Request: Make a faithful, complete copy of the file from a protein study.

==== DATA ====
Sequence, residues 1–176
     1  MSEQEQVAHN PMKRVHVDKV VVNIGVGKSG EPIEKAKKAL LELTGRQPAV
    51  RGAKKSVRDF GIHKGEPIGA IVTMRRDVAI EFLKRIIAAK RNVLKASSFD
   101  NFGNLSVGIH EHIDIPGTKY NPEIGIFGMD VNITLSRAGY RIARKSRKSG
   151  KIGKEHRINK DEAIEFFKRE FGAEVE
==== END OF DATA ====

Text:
Sequence, residues 1–176
     1  MSEQEQVAHN PMKRVHVDKV VVNIGVGKSG EPIEKAKKAL LELTGRQPAV
    51  RGAKKSVRDF GIHKGEPIGA IVTMRRDVAI EFLKRIIAAK RNVLKASSFD
   101  NFGNLSVGIH EHIDIPGTKY NPEIGIFGMD VNITLSRAGY RIARKSRKSG
   151  KIGKEHRINK DEAIEFFKRE FGAEVE